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So I have the following code that I wanted to make a little more readable:

user = User.find_by_username(username)
user = User.new(credentials) if user.nil?

Essentially the first line is the default, the following line instantiates itself if it's not already set.

Is there a way I can clean this up a bit and get it onto a single line of code? Something like this maybe:

user = User.find_by_username(username) || User.new(credentials)

Edit

I now realize the the code I provided does exactly what I need, sorry for wasting cyberspace but feel free to suggest alternative solutions.

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1  
What's wrong with exactly the line you suggest? –  Jeremy Roman Oct 12 '12 at 22:11
1  
Oh, what do you know that pseudo code actually worked –  Noz Oct 12 '12 at 22:15
1  
That really is a demonstration of the expressivity of the language. –  Dmitri Oct 12 '12 at 22:36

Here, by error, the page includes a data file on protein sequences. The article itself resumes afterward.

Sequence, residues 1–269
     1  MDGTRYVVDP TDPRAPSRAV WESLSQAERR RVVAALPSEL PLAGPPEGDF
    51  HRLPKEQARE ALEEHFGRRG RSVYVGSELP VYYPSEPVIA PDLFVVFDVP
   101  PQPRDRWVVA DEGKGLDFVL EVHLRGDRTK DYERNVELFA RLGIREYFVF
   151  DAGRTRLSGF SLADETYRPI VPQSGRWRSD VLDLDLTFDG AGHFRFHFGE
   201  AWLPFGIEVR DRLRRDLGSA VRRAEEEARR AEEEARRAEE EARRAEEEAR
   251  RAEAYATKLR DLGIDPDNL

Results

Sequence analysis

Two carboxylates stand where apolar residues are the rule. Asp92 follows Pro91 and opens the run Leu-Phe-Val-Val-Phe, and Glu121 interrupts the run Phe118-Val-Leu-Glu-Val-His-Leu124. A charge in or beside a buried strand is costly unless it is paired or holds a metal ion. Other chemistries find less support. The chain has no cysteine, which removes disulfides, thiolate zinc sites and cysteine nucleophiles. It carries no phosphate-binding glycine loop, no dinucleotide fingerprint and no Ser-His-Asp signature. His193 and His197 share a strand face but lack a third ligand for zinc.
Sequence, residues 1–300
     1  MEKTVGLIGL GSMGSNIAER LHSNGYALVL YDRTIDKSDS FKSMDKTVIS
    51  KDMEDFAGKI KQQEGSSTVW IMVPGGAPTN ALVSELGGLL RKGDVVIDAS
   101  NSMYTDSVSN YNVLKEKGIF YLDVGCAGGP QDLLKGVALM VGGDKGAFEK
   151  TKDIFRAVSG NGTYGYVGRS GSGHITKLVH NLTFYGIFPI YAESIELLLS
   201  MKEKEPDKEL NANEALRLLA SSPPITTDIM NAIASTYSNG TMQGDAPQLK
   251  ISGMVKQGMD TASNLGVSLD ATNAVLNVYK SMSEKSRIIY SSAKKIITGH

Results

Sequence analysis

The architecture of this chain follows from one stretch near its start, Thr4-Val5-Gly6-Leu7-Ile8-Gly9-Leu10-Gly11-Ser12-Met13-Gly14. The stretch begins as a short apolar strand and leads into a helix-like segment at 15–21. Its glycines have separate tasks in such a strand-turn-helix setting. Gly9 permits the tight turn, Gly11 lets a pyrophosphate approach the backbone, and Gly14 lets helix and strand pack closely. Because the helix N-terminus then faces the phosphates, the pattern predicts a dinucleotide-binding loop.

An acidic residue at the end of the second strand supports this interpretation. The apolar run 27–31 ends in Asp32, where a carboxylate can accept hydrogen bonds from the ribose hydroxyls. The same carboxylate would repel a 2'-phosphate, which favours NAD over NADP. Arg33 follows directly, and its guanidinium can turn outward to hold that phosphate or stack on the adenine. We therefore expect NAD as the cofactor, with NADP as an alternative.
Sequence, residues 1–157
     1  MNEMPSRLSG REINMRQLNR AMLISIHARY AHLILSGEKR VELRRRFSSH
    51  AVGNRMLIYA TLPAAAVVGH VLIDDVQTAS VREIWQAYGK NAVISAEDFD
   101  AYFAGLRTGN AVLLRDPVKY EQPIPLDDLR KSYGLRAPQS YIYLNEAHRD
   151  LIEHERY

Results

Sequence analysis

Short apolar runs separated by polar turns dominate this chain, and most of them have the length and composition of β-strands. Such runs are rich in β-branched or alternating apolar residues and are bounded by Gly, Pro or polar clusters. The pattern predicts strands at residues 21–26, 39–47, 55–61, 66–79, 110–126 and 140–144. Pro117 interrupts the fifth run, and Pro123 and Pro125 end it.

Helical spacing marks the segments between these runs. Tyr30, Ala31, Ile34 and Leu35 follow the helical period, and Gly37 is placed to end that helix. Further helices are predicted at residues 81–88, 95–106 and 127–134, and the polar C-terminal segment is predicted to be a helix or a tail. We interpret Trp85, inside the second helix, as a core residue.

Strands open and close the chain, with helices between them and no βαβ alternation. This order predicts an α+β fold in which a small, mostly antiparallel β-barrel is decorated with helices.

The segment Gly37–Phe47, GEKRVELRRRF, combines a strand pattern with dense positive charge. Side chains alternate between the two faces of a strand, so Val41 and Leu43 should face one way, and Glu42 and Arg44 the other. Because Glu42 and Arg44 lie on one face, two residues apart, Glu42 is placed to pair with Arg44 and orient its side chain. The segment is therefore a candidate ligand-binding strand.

2 Answers 2

up vote 5 down vote accepted

Yes, what you wrote is exactly the correct answer.

You could also write it this way, if preferred:

user = User.find_by_username(username)
user ||= User.new(credentials)

Keep in mind that your first example will only assign the second value if the first one is nil, but your second example and my example above will assign the second value on both nil and false.

EDIT: As mentioned by others, if you're working with Active Record you could also use a dynamic attribute-based finder

user.find_or_initialize_by_username(credentials)
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its easier to do

user.find_or_create_by_name(credentials)

and credentials will have username there

see Rails find_or_create by more than one attribute?

and http://api.rubyonrails.org/classes/ActiveRecord/Base.html

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Good thinking, but in this case I'm not looking to commit the object right off the hop. –  Noz Oct 12 '12 at 22:23
1  
Then you could use user.find_or_initialize_by_username(credentials)... see api.rubyonrails.org/classes/ActiveRecord/… –  nertzy Oct 13 '12 at 18:12

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